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Namaskara from Bangalore Namaskara

This month’s postcard comes to us from India. This is our first Pythia—aka one of the women of Pythian—spotlight of 2022. What better way to celebrate National Women’s History Month? Read on to learn more about database administrator Archita Chauhan.



Tell us about where you live.

I was born in Gandhi’s home state in Gujarat and grew up there. Gujarat is famous for its heritage, “Nine Nights” known as the Navratri festival, Uttarayan (kite flying), and much more. After I married, we moved to Bangalore, in eastern Karnataka. It’s a city of gardens and is traditionally culturally rich and famous for its South Indian food and great atmosphere. It’s also the state of kings.


What was your path to Pythian?

It was pretty short, but exciting. I started as a database administrator (DBA) in Gujarat, and five years later while looking for a change, a colleague who had moved to Pythian referred me because they were looking for DBAs. So, I applied, had engaging interview rounds, and here I am. I’ll always be grateful to my friend for leading me to Pythian!


What’s a typical day like for you now?

Bangalore is in the opposite time zone from Eastern Time (ET). I start around 7:30 a.m. and go straight to Slack, where my ET colleague hands things off before she leaves the office for the evening. We chat and catch up on tickets that need to stay open. If nothing needs to be carried forward, I’ll annotate what I need to do for that day and then log off,  finish off my regular chores, have breakfast with family and check in with my 2-year-old daughter.


Ready for work!

By  9:30 a.m., I’ll log back in and my pager shift ends an hour later. There are days with less client work where I do some training and upgrade my skills. Most days, we also have a standup meeting with our lead database consultant (LDC), who lives in Macedonia. Typically, my shift officially ends around 5:30 p.m. 

What has been the biggest challenge in this role so far?

Jason Farhat (Director, Data and Analytics Delivery, Open Source) was our team manager when I joined and he was great. He made things very easy from day one. The transition was smooth and although there have been many changes on the team, I have fantastic teammates, which also helps. Jason has been a great resource, so I can’t say I’ve had a single most challenging issue. He’s moved on and we have a new manager, Blanca Waterman, who has also been fantastic with the team already.


Any specific challenges in being a woman in the tech space and if so, how do you handle them?

Pythian has been a place where I haven’t encountered any gender bias.

Women are welcome at every level, including as team managers, and no one is treated as one gender or another—we’re all database consultants.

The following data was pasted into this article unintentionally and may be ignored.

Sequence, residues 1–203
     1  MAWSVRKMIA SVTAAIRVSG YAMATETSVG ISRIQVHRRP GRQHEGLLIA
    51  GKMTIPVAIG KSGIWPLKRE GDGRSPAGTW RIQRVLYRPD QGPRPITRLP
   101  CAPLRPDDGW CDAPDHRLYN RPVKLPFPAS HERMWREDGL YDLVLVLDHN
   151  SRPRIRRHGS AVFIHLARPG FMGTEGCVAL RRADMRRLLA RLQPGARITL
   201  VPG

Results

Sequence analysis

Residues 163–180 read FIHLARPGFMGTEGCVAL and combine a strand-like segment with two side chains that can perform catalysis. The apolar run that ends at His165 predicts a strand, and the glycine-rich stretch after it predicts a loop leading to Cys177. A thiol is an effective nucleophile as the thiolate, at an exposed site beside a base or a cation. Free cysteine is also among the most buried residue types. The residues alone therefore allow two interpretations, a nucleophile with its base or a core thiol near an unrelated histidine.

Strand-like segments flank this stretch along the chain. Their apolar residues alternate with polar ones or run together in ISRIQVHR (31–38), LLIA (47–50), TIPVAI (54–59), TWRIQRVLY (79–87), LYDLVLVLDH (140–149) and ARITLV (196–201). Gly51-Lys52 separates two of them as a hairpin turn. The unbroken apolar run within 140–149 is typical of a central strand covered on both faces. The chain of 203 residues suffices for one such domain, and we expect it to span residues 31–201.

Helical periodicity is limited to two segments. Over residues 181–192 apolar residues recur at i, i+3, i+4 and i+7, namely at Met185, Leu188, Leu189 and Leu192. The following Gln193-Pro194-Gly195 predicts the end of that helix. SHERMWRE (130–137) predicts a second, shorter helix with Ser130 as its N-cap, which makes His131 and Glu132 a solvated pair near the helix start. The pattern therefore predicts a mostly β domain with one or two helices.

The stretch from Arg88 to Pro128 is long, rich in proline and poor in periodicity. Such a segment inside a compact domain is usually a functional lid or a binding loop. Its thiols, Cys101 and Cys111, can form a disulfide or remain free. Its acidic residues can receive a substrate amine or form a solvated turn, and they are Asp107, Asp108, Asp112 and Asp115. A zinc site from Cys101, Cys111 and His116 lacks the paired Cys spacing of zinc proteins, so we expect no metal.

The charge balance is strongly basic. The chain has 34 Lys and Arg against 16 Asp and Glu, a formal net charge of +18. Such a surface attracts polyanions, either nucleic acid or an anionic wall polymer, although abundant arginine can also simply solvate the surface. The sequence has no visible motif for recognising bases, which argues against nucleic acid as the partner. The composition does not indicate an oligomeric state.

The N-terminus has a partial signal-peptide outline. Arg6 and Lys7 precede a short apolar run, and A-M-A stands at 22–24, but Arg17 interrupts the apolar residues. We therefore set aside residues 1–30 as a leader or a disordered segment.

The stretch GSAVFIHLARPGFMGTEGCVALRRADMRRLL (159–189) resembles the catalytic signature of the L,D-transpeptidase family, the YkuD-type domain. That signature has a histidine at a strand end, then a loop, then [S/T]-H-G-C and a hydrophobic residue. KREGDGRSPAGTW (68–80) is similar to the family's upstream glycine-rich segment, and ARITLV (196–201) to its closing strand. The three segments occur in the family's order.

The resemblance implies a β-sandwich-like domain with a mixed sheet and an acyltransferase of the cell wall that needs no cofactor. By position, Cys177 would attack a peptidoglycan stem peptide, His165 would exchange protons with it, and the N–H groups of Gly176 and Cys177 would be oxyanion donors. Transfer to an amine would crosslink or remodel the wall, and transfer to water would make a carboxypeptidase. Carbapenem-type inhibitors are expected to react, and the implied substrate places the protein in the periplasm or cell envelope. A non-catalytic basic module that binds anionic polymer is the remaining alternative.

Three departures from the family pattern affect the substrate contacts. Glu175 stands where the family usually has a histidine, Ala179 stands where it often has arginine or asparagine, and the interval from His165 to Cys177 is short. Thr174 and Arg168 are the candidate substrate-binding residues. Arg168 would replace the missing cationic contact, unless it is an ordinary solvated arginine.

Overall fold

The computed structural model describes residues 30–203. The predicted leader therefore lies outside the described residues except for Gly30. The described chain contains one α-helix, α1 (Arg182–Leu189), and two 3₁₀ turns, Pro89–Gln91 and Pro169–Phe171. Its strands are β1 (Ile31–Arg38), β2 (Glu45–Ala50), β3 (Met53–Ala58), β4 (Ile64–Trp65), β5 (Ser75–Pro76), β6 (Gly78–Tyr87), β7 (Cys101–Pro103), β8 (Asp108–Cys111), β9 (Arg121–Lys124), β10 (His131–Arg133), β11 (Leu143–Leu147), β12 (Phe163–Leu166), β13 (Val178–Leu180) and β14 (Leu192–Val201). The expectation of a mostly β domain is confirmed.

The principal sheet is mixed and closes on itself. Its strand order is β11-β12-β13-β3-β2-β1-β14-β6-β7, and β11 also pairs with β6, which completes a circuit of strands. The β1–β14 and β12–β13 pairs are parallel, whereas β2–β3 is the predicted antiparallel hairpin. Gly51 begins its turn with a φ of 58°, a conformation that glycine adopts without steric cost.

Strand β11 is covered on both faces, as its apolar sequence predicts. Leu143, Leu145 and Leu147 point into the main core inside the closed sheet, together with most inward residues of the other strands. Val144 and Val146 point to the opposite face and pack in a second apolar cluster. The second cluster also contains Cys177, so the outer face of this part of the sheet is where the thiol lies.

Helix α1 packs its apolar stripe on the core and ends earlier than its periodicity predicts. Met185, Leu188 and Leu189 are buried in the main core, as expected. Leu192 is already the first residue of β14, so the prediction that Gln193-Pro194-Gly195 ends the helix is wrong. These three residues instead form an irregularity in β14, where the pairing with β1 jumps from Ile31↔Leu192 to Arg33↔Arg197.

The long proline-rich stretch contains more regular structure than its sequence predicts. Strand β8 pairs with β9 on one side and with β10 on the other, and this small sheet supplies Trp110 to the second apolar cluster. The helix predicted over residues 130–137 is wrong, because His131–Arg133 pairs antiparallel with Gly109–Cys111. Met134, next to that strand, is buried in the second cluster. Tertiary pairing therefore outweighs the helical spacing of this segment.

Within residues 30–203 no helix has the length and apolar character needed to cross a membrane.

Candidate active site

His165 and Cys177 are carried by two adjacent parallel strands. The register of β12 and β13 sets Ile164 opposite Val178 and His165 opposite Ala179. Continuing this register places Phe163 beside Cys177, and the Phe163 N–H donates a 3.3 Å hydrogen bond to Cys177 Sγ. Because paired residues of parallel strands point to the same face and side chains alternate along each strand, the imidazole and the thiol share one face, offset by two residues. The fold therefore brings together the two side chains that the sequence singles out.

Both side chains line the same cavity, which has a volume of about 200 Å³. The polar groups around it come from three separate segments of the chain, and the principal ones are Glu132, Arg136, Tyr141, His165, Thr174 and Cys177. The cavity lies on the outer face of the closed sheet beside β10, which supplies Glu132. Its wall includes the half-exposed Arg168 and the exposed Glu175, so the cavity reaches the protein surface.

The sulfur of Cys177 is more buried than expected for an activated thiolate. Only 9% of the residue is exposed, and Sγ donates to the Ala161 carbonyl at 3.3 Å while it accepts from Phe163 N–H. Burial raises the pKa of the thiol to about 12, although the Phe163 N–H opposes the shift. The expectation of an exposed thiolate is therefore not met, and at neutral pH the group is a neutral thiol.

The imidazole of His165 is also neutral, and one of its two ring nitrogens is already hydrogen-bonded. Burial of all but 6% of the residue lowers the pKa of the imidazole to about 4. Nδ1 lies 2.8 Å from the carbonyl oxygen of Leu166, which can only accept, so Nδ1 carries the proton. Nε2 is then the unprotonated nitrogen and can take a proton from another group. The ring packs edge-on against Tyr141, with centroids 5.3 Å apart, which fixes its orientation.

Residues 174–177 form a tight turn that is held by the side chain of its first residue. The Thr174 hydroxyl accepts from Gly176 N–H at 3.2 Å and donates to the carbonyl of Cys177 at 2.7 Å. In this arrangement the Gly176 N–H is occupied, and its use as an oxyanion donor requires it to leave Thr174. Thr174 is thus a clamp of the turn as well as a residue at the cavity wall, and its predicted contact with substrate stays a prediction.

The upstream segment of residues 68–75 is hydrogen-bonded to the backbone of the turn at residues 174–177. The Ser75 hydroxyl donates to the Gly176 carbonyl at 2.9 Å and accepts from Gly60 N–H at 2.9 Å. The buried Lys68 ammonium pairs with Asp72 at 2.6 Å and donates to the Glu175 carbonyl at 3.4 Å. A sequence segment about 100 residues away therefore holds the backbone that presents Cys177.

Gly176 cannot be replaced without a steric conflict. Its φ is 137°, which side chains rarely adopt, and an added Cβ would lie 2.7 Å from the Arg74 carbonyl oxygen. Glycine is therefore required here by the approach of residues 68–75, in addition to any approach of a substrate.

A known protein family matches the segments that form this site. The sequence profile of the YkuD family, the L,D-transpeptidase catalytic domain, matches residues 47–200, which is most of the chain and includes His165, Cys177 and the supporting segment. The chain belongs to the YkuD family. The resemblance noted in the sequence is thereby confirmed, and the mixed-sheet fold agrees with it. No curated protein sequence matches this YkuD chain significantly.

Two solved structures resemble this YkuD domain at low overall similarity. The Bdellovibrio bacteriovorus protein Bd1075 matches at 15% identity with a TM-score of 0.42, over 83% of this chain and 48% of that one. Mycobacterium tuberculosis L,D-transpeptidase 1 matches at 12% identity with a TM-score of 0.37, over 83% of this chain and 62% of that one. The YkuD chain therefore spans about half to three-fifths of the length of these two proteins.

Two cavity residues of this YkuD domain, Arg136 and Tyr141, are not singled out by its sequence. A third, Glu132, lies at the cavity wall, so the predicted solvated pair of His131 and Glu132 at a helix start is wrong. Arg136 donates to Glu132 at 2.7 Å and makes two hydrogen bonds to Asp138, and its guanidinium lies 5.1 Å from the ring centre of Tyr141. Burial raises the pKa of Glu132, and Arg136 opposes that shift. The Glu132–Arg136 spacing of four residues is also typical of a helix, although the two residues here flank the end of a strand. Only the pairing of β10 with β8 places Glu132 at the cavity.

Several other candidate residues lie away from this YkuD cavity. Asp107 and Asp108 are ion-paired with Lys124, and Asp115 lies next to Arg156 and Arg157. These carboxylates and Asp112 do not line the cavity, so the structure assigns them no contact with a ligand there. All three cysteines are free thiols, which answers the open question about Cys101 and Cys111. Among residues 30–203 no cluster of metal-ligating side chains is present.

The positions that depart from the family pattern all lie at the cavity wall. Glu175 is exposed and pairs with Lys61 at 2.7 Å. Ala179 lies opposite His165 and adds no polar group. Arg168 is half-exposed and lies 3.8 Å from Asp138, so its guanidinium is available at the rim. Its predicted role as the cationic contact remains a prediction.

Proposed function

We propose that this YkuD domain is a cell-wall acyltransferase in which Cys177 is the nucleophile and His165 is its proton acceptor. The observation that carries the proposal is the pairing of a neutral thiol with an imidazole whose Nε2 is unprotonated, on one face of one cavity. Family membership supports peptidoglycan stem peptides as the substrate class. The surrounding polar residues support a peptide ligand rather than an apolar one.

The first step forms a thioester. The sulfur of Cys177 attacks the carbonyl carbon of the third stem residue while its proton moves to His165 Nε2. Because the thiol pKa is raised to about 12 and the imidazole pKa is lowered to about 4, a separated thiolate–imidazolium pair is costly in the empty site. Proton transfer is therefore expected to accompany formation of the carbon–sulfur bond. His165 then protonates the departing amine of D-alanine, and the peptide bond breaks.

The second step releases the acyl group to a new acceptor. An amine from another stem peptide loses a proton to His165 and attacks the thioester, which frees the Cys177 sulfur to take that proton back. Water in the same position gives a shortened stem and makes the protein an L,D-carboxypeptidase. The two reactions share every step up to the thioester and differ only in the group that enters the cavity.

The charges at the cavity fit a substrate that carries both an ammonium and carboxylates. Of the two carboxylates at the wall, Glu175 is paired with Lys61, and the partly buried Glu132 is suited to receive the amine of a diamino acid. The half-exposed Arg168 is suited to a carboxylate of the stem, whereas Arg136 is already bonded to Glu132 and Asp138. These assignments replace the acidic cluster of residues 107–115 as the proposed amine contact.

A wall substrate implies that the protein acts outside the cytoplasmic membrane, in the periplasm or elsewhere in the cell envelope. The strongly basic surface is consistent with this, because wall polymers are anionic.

Decompressing after work

Time with plants

Tell us about your workspace.

My husband also works from home, so we currently share an office, which has worked out well. There’s another smaller space in our bedroom which one of us can use if the other needs to be on a call.

Normally, we put on some soft instrumental music on loop, maybe some soulful or classical music. My team currently has less coverage in Eastern Time, so if I’m required to work late in the evening, I might put on a bit of fun music if my daughter walks in and needs a dance break.

How do you spend your time off?

road trip

A quick break on a road trip

We love to travel and take road trips. We also love strolls through the forest and along the beach. There are many places you can reach by road, so we like to visit those as well, and because my husband enjoys photography, he makes sure to capture our favorite moments.

I’m very passionate about cooking, so I experiment a lot in the kitchen (especially with Indian and Chinese food) and test dishes on my family and friends. As a family, we also like to sample other foods together.

Lastly, I love to paint, and gardening is a stress buster for me!



Any specific activities you look forward to in the Spring?

Bangalore is India’s IT hub, so it attracts significant traffic. There are usually a number of music festivals and open-air concerts in the area, but not since the pandemic. Thankfully, some organizers have been holding similar events, especially for small children, as well as potlucks, so there are still ways to connect and feel like part of the community.



No trip to Navratri is complete without some window shopping!


What’s one type of food you could eat every day?

Any type of Chinese food. Also, all Indian food, specially some lip-smacking street food!


Gujarati thali

Gujarati thali (food on a platter): an assortment of flatbread, rice, lentils, curries, sauces makes a filling lunch or dinner.


masala dosa

An Indian favorite: masala dosa

sev usal/misal

A homemade North Indian specialty: sev usal/misal street food














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